Critical issues were on the agenda for the 61st International Whaling Commission (IWC) meeting, held June 22 to 25 in Madeira, Portugal; but those that were addressed were principally the minor ones. Instead, in the spirit of conviviality characterizing the IWC over the past two meetings, contentious issues were deferred to yet more meetings that troublingly will not include all stakeholders. Substantive discussions, however, did take place on the sidelines, making the presence of Animal Welfare Institute (AWI) Executive Director Susan Millward and Wildlife Biologist D.J. Schubert essential.
The resolution of two superficially separated, but implicitly linked and important issues, was postponed: considering Denmark's request for an additional annual quota of 10 humpback whales for its Greenland whalers and deciding the future of the IWC.
AWI, while unopposed to genuine aboriginal subsistence whaling, contends that the request is unreasonable, because Greenland’s existing annual quotas of 19 fin whales, 212 minke whales, and two bowhead whales already exceed the number needed for subsistence. AWI is concerned over 1) whether there is a true subsistence need for killing more whales, given the significant waste from existing hunts; 2) how conversion factors used to compute meat yield are calculated (Greenland quantifies subsistence needs by weight; IWC allocation is by numbers of animals); 3) why Greenland calculates its subsistence need based on all Greenlanders, not just aboriginals; and 4) why a quarter of Greenland’s whale meat is routinely sold for profit.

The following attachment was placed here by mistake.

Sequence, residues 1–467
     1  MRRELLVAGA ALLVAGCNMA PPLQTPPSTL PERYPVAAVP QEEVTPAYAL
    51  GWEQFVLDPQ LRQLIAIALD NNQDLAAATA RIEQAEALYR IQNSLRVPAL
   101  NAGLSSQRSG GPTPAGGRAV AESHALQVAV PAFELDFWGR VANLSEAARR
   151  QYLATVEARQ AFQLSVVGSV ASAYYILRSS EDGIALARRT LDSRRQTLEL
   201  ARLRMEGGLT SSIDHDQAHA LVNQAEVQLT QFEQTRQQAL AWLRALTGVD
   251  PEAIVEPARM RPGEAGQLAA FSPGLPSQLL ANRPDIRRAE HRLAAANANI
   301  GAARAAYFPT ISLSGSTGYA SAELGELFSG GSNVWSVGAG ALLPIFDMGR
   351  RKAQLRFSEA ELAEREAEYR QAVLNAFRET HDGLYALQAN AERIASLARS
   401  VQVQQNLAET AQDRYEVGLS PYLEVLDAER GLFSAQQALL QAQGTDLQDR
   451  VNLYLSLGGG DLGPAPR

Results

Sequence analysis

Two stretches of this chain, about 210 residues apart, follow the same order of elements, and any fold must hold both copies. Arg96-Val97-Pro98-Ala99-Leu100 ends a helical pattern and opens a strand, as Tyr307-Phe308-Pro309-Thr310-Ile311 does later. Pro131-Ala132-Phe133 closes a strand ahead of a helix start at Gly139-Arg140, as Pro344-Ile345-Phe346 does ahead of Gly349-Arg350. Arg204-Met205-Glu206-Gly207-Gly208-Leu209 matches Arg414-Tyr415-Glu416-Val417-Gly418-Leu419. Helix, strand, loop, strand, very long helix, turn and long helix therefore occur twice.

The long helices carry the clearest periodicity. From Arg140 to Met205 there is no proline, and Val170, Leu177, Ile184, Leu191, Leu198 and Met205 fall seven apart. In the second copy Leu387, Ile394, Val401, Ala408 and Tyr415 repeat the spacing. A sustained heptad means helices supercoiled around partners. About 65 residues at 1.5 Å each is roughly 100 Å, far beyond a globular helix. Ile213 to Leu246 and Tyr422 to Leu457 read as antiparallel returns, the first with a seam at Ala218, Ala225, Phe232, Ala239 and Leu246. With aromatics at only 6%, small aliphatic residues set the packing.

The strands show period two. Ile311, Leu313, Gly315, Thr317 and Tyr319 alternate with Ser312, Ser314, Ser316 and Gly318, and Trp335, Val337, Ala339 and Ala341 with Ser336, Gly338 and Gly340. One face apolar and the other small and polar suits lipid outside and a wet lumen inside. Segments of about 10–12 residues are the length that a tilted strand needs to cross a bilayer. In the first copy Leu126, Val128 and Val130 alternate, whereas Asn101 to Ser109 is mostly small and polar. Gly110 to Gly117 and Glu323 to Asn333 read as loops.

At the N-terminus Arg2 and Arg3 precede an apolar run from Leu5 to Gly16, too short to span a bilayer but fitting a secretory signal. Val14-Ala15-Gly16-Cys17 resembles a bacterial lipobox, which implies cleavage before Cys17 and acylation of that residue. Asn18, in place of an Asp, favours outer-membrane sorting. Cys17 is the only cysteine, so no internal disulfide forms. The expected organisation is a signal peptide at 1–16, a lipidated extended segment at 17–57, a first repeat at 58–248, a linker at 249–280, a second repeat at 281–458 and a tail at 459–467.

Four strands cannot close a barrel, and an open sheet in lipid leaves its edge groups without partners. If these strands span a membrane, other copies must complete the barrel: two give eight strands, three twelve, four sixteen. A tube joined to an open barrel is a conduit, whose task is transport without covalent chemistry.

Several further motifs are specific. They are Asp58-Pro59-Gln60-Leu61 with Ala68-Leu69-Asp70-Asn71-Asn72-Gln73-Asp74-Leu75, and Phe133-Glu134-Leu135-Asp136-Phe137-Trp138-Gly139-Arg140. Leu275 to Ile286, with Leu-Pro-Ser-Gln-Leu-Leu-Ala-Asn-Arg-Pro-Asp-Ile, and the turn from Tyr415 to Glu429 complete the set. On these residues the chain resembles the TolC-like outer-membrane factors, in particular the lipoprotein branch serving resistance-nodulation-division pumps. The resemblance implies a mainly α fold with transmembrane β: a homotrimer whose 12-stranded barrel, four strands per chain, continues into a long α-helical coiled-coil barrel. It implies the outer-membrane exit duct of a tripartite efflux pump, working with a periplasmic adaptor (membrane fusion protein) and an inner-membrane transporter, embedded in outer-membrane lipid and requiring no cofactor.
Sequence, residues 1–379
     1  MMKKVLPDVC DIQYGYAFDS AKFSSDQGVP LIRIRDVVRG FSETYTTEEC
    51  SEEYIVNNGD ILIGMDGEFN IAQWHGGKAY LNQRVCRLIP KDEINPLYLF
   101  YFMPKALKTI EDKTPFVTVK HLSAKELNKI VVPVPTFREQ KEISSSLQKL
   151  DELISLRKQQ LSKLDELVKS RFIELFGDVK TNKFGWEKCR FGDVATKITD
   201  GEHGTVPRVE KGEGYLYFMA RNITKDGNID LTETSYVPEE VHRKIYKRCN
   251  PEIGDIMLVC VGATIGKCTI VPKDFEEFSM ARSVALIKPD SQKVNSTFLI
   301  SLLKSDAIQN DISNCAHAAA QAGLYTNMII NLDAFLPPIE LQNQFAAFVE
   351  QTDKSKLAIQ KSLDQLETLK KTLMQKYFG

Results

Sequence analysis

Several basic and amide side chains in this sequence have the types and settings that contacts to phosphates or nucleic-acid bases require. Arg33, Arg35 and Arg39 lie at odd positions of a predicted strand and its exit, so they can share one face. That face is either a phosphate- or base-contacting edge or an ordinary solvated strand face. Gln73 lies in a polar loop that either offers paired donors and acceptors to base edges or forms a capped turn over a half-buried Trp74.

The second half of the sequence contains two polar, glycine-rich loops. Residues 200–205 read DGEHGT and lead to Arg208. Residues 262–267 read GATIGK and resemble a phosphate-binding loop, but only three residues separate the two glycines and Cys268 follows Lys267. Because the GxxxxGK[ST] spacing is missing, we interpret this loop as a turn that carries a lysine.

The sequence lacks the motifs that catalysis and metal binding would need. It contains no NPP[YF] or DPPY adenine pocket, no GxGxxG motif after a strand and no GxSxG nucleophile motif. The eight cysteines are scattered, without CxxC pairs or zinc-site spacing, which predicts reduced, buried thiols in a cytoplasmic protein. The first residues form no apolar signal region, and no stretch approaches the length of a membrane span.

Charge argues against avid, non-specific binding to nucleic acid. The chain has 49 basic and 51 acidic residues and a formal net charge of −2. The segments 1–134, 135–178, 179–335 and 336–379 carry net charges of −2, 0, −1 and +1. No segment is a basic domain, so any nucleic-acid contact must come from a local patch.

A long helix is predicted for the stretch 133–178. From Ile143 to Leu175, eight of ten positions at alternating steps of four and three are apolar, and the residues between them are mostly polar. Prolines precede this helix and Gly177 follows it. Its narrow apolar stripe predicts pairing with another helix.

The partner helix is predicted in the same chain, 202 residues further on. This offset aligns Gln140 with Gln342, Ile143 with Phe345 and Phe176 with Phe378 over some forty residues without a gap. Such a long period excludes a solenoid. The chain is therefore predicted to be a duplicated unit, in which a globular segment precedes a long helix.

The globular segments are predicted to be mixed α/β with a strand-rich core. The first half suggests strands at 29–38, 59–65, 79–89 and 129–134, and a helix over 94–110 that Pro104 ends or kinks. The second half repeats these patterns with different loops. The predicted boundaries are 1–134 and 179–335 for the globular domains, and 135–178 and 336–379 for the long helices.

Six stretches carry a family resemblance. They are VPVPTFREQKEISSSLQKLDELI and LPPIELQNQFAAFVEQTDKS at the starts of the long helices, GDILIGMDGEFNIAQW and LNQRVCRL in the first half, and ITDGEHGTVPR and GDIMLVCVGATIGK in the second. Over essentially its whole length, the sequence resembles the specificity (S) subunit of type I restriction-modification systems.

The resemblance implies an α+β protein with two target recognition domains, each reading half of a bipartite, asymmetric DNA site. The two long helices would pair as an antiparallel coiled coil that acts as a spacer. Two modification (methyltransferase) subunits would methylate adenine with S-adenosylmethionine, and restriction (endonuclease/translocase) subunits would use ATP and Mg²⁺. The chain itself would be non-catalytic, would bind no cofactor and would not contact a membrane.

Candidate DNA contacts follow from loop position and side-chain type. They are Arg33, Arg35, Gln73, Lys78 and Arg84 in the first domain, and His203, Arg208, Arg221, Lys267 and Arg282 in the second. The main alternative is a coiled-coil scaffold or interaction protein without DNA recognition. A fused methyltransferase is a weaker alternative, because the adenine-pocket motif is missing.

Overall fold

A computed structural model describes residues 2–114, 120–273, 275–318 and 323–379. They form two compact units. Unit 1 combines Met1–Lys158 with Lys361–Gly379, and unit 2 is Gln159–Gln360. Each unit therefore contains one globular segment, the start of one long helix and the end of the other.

Though Greenland’s proposal was discussed over several days, it did not come to a vote, due to the general desire to avoid conflict. Instead, IWC Chair William Hogarth successfully proposed deferring discussion to a special meeting later this year.
The future of the IWC body was the second controversial issue slated for resolution at the meeting, and again, the desire for harmony prevented substantive debate and decisions. AWI has not supported these discussions to date, since they have centered on a compromise that would allow for a resumption of commercial whaling, instead of tackling the core issues of loopholes in the Whaling Convention and other threats facing whales. Participants settled upon extending discussions and creating another closed-door working group to meet in October.
In a bit of bright news, Hogarth’s term as U.S. Commissioner and IWC Chair concluded, and Christian Maquiera of Chile was appointed his successor. Our past experience at meetings chaired by Maquirea has shown him to be firm, yet fair, and a welcome proponent of representation by civil society.